Gordon Tokumatsu/Tom Bravo
Residents of the Palmdale neighborhood where Christopher Hubbard now lives are fortifying their homes with cameras, alarms, and even special fences, despite assurances that the "Pillowcase Rapist" is being monitored round-the-clock. Gordon Tokumatsu reports from Palmdale for the NBC4 News at 5 p.m. on Thursday, July 10, 2014.
Residents in a Southern California desert community said Thursday they were going to fortify their homes to protect against the so-called "Pillowcase Rapist," who was released into the neighborhood this week.
Sharon Duvernay said she added some lighting to the rear of the house. The lights go on automatically after dark.
The chain link fences, which used to only divide her yard and garden, have now become something different.
"We're also going to put razor wire on our fencing," she said. "Everywhere."
The moves come after Christopher Hubbart, who admitted raping 40 women between 1971 and 1982, was released into Lake Los Angeles, which is about 70 miles northeast of downtown Los Angeles.
Cheryl Holbrook, who lives six miles from Hubbart’s home, has noise-activated cameras.
"I can see who's coming in, front and back," Holbrook said. "I just added another one."
Outside Hubbart's tiny home, the noisy vigil continues.
But residents said they're not waiting around for something to happen.
"I don't want to see him get hurt," Duvernay said. "He should be in a place where he's going to be safe. We should be in a place where we're safe."
The release of Hubbart came despite impassioned pleas from residents and elected officials who objected to his release from Coalinga State Hospital.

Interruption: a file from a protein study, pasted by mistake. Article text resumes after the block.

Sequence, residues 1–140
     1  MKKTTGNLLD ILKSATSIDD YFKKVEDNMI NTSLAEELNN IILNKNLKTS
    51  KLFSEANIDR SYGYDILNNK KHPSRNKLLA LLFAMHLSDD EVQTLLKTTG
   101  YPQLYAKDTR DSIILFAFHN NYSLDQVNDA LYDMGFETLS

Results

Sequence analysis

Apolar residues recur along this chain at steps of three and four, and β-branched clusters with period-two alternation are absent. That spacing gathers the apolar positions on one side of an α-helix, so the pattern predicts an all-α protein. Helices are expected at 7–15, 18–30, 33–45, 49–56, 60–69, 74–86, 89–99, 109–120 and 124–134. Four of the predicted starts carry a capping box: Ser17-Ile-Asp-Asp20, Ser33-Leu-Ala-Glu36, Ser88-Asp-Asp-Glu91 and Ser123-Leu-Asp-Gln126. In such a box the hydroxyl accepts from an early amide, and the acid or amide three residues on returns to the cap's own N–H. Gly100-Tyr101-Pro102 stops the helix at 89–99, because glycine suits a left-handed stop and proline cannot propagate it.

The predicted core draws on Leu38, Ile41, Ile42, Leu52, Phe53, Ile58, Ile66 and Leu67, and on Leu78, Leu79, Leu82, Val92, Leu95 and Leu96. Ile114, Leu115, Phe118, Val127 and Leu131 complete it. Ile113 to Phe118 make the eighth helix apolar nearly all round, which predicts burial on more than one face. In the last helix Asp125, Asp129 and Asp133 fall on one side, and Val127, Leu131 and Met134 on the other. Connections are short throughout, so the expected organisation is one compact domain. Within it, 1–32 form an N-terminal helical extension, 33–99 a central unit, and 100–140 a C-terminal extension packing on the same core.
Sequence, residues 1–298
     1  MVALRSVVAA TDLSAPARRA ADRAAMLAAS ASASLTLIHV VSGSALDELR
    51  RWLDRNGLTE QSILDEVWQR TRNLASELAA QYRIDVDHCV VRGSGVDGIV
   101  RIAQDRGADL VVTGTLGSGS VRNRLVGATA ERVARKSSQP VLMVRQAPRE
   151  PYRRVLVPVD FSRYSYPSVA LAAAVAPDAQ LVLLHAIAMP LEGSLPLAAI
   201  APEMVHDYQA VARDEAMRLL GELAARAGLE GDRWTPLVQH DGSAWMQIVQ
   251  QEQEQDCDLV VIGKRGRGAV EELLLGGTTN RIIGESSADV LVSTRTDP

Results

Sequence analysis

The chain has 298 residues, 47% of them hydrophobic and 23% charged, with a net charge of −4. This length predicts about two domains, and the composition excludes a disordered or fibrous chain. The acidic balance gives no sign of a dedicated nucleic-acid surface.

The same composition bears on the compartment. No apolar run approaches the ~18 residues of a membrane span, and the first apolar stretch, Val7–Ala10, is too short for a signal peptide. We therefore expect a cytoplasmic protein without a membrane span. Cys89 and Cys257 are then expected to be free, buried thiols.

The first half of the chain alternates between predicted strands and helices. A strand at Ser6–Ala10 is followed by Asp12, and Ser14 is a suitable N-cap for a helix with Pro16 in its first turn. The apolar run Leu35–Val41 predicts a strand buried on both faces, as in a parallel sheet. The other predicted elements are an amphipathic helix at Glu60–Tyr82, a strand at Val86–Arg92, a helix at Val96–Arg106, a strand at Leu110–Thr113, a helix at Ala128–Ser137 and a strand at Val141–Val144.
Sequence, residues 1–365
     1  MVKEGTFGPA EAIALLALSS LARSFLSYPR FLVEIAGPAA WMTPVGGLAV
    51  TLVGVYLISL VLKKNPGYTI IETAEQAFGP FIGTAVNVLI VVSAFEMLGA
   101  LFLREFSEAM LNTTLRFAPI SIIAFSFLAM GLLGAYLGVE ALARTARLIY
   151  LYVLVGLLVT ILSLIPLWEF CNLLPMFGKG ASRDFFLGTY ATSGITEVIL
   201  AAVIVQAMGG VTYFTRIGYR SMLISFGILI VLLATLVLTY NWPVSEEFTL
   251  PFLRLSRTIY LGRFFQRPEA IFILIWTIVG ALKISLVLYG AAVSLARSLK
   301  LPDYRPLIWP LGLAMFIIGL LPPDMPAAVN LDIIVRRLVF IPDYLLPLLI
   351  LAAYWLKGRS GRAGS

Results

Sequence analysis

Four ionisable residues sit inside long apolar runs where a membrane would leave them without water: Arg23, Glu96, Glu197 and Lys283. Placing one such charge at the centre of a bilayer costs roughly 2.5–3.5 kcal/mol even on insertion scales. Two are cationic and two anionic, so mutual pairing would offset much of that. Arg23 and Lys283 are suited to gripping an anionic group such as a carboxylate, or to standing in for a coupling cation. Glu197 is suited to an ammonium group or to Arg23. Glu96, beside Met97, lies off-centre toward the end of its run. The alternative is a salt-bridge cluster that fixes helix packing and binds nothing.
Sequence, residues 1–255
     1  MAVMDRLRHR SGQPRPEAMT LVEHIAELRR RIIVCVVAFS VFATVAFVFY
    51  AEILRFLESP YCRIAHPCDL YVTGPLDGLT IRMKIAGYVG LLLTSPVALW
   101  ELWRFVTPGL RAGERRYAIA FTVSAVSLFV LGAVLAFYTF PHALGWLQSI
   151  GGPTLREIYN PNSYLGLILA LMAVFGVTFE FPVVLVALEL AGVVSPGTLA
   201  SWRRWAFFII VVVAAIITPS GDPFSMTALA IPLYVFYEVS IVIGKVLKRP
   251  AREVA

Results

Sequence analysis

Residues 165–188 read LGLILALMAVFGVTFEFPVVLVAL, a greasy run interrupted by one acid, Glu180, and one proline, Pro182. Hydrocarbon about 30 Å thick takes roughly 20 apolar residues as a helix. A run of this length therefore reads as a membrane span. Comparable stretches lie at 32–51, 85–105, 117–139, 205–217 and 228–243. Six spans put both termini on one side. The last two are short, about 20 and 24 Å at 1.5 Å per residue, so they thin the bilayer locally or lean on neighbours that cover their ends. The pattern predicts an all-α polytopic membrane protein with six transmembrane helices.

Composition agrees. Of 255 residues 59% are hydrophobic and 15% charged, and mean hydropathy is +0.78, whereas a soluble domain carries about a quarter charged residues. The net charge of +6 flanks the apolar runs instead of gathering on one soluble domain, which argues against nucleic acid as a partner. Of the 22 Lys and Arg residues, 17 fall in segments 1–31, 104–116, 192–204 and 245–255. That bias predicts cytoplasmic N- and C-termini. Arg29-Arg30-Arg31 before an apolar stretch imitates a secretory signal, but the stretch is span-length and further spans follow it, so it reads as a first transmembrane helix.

Los Angeles County District Attorney Jackie Lacey and Supervisor Mike Antonovich were among those balking at Hubbart's release to a home at 20315 East Avenue R.
"We took every legal action at our disposal to try to stop his return to our community. Now, we are preparing for his arrival ... We will do everything within our authority to protect the residents of Los Angeles County from this dangerous predator," Lacey said in May.
Lacey said then that "many safety precautions" would be in place, including a requirement that Hubbart wear a GPS ankle monitor 24 hours a day, seven days a week.
He will be taken twice a week to group and individual therapy sessions, and a program supervisor will accompany him whenever he goes out in public for the first six months to a year following his release.
Hubbart also will be required to report to a judge in San Jose for quarterly reports on his progress.
A judge who ruled in April that Hubbart would live at the Palmdale-area home wasn't swayed by the 4,000-plus letters, emails and postcards that the District Attorney's Office received in opposition to the move.
California law requires that a sexually violent predator be conditionally released to the county of his or her domicile "prior to the person's incarceration," and Los Angeles County prosecutors argued that Hubbart lived in Santa Clara County in the years leading to his last arrest and no longer has family living in Los Angeles County, where he grew up.
City News Service contributed to this report.